Abstracts from The New London Gazette covering Southeastern Connecticut, 1770-1773 - Richard B. Marrin. The period of 1770-1773 was a relatively peaceful period in the history of colonial New London and other towns of southeastern Connecticut. Business and trade were flourishing; however, beneath the illusion of peace and prosperity, was an undercurrent of unrest-of Americans seeking liberty from King George and Mother England. The New London Gazette was published weekly and normally carried news of Europe, England and the other colonies; followed by local news from: New London, Groton, Stonington, Norwich, Lyme, Windham and other towns of southeastern Connecticut. Local news included deaths and weddings, accidents of every sort imaginable, fires and crimes, maritime matters ranging from ship arrivals to shipwrecks, and much more. Shipping news was a regular feature, as were advertisements for personal property, real estate, and slaves; legal notices to creditors; notices of missing horses and other livestock; lists of letters waiting to be claimed at the post office; "Poet's Corner;" and "Letters to the Editor." A full name plus subject index augments the wealth of genealogical and historical information preserved on these pages.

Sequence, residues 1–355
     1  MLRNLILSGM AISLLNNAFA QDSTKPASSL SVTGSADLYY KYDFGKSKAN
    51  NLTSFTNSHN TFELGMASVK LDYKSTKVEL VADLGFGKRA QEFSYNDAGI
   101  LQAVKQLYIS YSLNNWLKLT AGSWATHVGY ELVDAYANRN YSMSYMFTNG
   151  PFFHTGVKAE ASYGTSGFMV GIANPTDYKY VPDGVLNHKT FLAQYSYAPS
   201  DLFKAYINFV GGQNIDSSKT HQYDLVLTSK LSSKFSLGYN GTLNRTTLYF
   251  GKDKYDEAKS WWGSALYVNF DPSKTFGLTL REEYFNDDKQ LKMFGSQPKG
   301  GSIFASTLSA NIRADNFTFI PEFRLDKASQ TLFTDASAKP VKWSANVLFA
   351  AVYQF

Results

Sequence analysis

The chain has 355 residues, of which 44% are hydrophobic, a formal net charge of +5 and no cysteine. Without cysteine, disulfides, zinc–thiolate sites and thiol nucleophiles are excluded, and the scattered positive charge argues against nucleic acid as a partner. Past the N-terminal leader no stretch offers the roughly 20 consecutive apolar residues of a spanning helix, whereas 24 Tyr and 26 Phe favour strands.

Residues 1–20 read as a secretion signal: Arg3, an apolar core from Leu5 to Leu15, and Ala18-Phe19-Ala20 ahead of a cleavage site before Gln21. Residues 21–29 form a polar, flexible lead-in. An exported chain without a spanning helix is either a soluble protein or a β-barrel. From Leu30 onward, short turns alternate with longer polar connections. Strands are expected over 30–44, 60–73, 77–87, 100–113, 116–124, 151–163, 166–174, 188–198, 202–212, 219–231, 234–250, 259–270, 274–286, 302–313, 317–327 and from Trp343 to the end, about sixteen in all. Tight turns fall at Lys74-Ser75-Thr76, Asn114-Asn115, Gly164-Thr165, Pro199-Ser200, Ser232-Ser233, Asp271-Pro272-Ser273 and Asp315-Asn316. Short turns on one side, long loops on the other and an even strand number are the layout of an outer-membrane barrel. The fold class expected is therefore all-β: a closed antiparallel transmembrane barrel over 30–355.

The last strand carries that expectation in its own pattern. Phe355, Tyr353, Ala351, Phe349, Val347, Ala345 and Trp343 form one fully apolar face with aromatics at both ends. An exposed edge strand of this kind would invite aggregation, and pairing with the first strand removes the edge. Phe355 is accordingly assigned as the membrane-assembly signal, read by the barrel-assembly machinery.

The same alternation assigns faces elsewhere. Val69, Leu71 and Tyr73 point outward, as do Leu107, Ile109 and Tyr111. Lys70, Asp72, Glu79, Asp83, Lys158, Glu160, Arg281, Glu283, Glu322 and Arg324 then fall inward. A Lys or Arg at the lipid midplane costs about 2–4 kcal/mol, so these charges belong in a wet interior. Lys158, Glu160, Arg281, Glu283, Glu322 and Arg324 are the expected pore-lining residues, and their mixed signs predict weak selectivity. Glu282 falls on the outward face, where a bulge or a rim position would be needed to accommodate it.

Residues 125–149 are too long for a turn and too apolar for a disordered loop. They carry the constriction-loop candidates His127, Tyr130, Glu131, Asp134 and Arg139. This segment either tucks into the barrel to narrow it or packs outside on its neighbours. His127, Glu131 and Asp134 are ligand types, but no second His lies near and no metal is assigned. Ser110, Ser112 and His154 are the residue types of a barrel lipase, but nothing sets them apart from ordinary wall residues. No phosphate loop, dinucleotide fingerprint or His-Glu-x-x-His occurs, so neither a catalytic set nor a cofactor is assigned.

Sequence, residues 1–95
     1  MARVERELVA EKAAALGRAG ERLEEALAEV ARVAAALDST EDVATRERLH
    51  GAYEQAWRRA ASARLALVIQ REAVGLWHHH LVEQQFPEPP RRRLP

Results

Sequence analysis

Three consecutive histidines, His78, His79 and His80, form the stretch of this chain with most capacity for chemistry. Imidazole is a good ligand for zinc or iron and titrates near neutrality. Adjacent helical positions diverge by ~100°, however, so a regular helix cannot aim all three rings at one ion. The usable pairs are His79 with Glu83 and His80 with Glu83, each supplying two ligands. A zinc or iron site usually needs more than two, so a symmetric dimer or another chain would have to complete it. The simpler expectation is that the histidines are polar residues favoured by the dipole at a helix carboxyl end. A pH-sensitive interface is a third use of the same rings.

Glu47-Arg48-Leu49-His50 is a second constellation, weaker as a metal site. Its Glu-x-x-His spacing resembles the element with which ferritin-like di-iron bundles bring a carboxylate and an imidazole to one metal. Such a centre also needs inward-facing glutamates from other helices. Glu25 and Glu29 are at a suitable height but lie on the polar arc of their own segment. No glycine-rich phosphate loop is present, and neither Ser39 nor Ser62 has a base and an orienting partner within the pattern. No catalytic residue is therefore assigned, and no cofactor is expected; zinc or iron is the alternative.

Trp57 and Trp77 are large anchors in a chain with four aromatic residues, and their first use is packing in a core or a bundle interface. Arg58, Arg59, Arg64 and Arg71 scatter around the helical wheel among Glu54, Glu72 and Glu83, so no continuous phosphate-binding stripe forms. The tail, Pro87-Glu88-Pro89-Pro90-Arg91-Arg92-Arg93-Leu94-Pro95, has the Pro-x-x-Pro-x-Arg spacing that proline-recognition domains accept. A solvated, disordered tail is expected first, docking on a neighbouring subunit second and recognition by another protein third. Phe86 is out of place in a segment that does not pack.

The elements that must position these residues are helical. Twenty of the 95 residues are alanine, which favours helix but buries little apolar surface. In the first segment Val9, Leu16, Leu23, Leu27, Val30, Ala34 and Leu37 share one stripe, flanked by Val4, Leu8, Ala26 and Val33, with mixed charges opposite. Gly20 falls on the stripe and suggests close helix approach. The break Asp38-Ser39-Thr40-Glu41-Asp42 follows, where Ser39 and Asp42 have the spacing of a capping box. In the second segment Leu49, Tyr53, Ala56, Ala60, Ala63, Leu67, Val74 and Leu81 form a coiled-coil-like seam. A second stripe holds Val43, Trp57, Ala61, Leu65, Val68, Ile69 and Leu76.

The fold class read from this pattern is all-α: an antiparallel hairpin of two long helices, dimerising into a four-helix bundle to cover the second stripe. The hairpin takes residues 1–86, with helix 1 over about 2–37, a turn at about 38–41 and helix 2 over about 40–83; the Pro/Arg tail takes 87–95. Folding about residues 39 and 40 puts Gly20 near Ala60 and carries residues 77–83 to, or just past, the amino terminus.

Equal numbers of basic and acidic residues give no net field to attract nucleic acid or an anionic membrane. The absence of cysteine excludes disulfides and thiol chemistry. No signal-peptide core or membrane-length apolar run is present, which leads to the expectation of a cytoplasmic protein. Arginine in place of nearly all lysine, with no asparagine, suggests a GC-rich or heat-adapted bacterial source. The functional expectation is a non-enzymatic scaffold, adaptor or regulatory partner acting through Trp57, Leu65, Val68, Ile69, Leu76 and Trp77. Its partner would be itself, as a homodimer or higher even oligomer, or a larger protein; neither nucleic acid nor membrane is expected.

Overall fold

2008, 5½x8½, paper, index, 298 pp.